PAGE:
International Trends in Cancer

#B143 International Trends of Cancer: A Descriptive and Comparative Study.

Ann M. Flores, Nasar U. Ahmed,

Meharry Medical College, Nashville, TN.

Purpose: The purpose of this research is to examine worldwide disparities of cancer prevalence. We contrast developed and lesser-developed countries in terms of cancer prevalence and make comparisons by sex.

We describe international patterns and make recommendations for future research.

Theoretical Framework: Sociodemographic factors associated with cancer, such as lifestyle, gender, ethnicity and culture, play major roles in cancer prevention and control.

Previous research shows that cancer disparities exist between affluent and impoverished countries and we expect to find a pattern consistent with a deepening of the wealth/poverty cleavage.

Research also shows that general health and well-being are poor during times of national, political and economic instability; international health programs and systems are sufficiently disrupted to prevent basic cancer screening, detection and treatment, adding another dimension to health disparity.

Data and Methods: Using GLOBOCAN 2000 and United Nations Human Development Reports we explore correlates of cancer prevalence, sociodemographics (age, sex), and national levels of economic development. All comparative cancer data are age-adjusted.

Results: Descriptive analyses comparing men and women in developed and lesser-developed countries show similar incidences of nearly all cancers except those attributed to affluent society in developed countries.

Overall, developed countries have cancer prevalence rates nearly twice that of lesser-developed countries. Women: Women in lesser-developed countries have, in order, high prevalence rates of breast, cervical, stomach, lung cancer colorectal, and esophagus.

The top three cancers (prevalence) for women in lesser-developed countries are breast, cervical, and stomach cancers whereas for developed countries they are breast, colorectal, and lung cancers. For women, breast and colorectal cancers are nearly three times higher in developed countries than lesser-developed countries.

In contrast, cervical cancer is nearly two times higher for women in lesser-developed countries. More alarming is the comparison for esophageal cancer; women in lesser-developed countries experience rates almost 5 times that of developed countries.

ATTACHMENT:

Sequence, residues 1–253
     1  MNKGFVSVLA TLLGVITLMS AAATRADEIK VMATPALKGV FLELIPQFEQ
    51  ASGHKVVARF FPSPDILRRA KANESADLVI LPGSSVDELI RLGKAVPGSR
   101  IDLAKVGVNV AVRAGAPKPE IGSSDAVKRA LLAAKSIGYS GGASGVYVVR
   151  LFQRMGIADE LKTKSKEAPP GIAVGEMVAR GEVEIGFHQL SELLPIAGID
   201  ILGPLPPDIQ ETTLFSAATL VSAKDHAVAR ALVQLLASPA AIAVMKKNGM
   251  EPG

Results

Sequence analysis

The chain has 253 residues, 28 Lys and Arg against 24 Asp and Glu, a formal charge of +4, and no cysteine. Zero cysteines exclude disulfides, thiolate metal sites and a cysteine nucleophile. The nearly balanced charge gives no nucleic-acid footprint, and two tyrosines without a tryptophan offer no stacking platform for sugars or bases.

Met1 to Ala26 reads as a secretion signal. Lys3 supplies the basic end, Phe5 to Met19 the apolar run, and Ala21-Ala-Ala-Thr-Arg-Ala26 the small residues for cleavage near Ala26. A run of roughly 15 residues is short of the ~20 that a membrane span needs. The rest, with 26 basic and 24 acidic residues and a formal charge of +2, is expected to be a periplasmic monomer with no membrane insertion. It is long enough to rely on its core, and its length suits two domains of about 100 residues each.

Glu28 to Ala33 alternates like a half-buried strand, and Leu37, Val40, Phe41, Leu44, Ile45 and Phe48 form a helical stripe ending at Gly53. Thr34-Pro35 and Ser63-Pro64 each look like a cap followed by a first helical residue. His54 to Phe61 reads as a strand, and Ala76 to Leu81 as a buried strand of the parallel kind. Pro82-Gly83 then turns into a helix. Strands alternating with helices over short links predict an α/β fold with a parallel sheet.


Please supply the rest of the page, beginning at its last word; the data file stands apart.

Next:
Men: Similar to the case of women, men in developed countries experience cancer prevalence rates almost twice that of lesser-developed countries.

The top three cancers for men in developed countries are lung, prostate and colorectal cancers. In lesser-developed countries, the top three cancers for men are lung, stomach and liver cancers.

Esophageal and liver cancers for men in lesser-developed countries are double the rates found in developed countries. Lung cancer for men in developed countries is twice that of lesser-developed countries. Further, men in developed countries experience prostate cancer rates 6 times higher than lesser-developed countries.

Conclusions: Persistent global patterns of cancer disparities support existing literature that points to the association between affluence, education, lifestyle and cancer.

Lesser-developed countries offer great lessons in the areas of traditional culture and lifestyle that contribute to the prevention of cancer.

Detrimental effects of modernity, affluence, and their associated lifestyles and sociodemographics must also be examined in depth for their contribution to disproportionate rates of cancer worldwide.

Frontiers in Cancer Prevention Research, 2003 AACR

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